Kitchen Kid Cupboards
Kitchen Kid Cupboards are low cupboards - or drawers - that toddlers and young children can easily access. They are stocked with nutritious, healthy snacks and beverages as well as kid-friendly dishes and utensils. With a Kitchen Kid Cupboard you are, in effect, offering nutrition more often than the typical three meals a day for the much smaller stomachs young children have that do better with frequent, smaller "meals," without you needing to be constantly creating the sustenance they require. Beginning in toddler-hood, children yearn for and thrive on an emerging sense of independence. They gain confidence and self-assurance when they can do something as simple as get their own dishes out of "their own cupboard," helping to set the family table. Making simple choices - as in this example which dishes they wish to use - adds to their feeling of personal empowerment. When their body feels hungry, the ability to choose a snack independently will bring delight to little ones, and a feeling of appreciated ease and self-resourcefulness for older children, as food access is often, traditionally, in the adult-controlled-domain-only turf. Through all of this a sense of pride in self and ability develops; a happy feeling of self esteem grows. Such a sense of being a contributing member of the household as well as their developing self-care is empowering and will reap rewards both immediately - as whining and angry outbursts are often directly related to hunger! - and later, when as older children and teens they will be faced with very big decisions in which a strong, empowered sense of self in the world will be invaluable. The ability to make healthy choices for ones' self and ones own body is a paramount life-skill that can be fostered early in seemingly simple ways.
A Kitchen Kid Cupboard can be one that is specially designed for this purpose.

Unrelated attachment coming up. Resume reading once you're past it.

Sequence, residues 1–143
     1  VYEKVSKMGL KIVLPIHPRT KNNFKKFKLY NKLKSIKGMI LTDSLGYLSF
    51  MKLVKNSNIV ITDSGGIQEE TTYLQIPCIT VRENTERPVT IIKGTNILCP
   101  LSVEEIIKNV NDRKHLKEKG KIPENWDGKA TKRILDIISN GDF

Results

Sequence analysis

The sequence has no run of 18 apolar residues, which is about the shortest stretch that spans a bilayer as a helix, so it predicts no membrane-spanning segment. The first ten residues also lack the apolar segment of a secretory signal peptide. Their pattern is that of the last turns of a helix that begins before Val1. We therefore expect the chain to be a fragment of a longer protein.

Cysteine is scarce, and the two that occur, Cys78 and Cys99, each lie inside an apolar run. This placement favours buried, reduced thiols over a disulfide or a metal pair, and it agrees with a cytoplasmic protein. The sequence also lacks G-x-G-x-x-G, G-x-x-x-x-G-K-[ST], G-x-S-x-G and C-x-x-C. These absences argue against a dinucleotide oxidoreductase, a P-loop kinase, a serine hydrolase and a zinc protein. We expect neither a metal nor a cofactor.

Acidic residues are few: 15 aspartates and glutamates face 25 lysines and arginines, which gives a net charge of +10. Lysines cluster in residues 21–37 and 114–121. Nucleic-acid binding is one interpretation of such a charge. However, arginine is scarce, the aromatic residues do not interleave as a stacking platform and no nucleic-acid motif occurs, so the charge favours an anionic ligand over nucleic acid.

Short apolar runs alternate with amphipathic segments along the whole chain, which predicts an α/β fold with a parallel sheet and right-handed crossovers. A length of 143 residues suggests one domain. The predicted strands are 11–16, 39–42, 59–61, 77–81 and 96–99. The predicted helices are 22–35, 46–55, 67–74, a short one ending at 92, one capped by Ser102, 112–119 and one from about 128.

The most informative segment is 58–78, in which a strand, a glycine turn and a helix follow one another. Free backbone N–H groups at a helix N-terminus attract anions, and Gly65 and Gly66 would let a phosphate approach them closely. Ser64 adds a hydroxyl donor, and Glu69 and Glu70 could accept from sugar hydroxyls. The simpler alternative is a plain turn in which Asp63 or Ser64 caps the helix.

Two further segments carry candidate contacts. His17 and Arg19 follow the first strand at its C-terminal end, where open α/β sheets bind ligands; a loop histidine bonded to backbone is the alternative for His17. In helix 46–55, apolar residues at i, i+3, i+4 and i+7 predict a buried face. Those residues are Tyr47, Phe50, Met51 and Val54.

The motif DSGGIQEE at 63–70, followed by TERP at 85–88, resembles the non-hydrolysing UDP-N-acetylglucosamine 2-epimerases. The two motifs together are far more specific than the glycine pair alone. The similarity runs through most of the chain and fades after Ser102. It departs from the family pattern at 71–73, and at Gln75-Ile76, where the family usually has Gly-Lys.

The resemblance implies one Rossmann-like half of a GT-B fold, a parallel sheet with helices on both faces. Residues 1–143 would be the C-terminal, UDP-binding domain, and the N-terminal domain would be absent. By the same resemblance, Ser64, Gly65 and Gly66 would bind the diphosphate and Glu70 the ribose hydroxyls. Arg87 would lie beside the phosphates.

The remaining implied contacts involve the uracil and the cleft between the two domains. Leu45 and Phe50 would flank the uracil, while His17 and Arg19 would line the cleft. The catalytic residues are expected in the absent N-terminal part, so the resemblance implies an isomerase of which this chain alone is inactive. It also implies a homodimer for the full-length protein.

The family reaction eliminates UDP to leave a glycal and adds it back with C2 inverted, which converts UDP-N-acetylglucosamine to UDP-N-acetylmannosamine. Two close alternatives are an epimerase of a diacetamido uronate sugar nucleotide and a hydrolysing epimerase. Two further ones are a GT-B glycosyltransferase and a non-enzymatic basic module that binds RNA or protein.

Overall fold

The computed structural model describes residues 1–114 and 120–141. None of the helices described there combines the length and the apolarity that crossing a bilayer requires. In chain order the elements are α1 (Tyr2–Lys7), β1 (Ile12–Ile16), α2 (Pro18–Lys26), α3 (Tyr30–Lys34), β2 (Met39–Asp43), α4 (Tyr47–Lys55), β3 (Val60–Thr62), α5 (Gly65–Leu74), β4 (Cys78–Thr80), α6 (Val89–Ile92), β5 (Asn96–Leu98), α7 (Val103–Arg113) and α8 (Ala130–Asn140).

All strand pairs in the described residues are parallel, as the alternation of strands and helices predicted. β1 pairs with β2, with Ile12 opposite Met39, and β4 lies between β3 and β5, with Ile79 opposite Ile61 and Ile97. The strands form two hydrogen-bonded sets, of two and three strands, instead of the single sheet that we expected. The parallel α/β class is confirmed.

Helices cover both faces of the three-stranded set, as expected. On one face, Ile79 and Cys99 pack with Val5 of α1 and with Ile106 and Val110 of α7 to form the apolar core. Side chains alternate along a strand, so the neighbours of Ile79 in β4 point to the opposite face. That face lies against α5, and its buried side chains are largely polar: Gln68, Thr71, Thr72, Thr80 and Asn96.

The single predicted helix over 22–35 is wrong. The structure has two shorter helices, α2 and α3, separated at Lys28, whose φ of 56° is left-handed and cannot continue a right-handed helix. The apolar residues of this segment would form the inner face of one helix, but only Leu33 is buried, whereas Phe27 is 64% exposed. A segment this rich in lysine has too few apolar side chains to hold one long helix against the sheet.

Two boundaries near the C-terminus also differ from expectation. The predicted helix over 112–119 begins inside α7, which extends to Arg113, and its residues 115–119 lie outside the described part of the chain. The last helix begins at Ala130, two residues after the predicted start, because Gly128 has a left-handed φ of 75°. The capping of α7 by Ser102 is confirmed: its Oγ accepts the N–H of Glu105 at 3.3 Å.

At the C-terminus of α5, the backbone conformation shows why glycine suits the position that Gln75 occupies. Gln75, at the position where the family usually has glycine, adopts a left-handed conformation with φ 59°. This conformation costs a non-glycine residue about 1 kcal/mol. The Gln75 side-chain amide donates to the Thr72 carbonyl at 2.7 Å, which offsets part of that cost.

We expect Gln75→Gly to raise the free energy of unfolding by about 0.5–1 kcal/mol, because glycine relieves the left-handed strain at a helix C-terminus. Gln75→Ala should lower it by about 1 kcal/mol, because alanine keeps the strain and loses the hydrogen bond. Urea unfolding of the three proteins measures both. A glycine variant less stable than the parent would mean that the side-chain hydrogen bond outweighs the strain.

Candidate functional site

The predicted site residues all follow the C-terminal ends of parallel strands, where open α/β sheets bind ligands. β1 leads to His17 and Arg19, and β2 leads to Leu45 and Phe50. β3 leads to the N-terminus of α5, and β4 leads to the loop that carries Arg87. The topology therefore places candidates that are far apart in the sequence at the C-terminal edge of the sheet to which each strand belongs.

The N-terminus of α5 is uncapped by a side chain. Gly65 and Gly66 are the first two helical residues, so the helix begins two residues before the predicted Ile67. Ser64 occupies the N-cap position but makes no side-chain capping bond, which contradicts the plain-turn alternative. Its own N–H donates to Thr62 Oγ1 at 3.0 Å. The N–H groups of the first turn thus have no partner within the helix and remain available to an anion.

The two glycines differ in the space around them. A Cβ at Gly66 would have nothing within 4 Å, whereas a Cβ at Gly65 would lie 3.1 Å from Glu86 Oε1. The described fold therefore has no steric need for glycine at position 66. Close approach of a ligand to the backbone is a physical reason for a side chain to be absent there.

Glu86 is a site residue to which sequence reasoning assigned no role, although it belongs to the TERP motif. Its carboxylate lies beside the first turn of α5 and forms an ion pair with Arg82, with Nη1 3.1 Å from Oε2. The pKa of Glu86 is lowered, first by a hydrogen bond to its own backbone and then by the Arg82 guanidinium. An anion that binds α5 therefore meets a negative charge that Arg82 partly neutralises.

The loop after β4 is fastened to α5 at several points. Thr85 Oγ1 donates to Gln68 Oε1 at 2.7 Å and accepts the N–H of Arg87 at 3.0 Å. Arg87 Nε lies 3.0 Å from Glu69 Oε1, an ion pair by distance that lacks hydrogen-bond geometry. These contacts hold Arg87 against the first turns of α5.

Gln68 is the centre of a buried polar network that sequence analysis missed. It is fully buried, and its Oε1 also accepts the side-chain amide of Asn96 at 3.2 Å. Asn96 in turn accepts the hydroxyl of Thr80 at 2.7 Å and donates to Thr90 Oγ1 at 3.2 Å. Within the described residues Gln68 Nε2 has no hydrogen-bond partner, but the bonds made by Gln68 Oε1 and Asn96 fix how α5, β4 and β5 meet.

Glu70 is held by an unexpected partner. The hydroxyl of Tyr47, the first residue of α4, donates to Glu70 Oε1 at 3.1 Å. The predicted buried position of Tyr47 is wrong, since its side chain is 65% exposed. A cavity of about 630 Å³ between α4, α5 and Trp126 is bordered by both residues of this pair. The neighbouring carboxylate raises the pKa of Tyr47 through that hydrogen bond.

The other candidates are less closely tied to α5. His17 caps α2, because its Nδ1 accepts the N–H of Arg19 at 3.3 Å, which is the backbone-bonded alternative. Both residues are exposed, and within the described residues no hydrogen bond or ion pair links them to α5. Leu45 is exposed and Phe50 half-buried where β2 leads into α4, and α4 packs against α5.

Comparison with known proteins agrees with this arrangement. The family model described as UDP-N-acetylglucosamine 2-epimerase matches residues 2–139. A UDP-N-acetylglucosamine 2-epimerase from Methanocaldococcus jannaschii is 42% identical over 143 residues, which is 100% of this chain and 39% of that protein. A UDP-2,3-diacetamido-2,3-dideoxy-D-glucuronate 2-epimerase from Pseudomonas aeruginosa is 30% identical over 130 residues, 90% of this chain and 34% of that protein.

Or it can simply be a child-accessible shelf in a bank of kitchen cupboards, or even a drawer.
A Kitchen Kid Cupboard can also be a creative use of another found-object, like this old-school bread box with a roll-top lid. Super cool feature for preschool ages and up. Toddlers may experience difficulty managing opening the lid, which would defeat the independence-building-accessibility purpose.
Depending on your comfort level of your young ones using breakables, your floor coverings (tile floors break dishes much more readily than some other kitchen floor surfaces, for example), your choice to avoid plastics in your home as much as possible - bamboo, wooden, metal, melamine or silicone dishes, (sometimes sold as "camping" dishes), can all be used as alternatives to plastics - whichever dishes you choose to stock your kid cupboard with need to be ones you are completely comfortable with the children using independently.
Child-sized utensils, with built-up handles for the youngest ones, can be really useful in aiding the growth of independence. I recommend using a small container - basket, wooden bowl or metal cup - to corral the little cutlery!
A Kitchen Kid Cupboard is stocked with healthy, nutritious snacks and beverages that you feel fine letting your children help themselves to at any time of the day. For every family what determines a "healthy snack" may vary. It will depend of course, too, not just on family preferences, but also on the children's developmental levels - both for the toddler or child's readiness in eating certain items, as well as the accessibility of the packaging or the need for requesting help and, of course, their particular likes and dislikes.
In my world kid cupboards have known to be stocked with a variety of choices including small jars or baggies of raisins or other dried fruits, a nut and seeds mix, (extra fun for little ones is to help mix up the nuts, seeds and dried fruits of their choice!) rice crackers, granola bars, seaweed and single serving juice boxes, (though I do not much like the excess packaging of these last items and tend to make or "package" our own). Note: perishables are not great in a Kitchen Kid Cupboard as sometimes things get "lost" in the back recesses and then science icky-ness happens. Will you try it? Will you take the plunge and allow the littles in your life to grow their independence in the area of food choices? For some parents this may feel like a massive leap. I can tell you that I created my first Kitchen Kid Cupboard when my baby was a toddler - that was over 30 years ago. In more recent years for my grandchildren, nieces and nephews and young ones in my care, having a Kitchen Kid Cupboard has been a detail of amma's house that continues to bring smiles, even as my grandchildren enter their late childhood and teenage years. Happy, independent-when-they-want-to-be kids, happy me!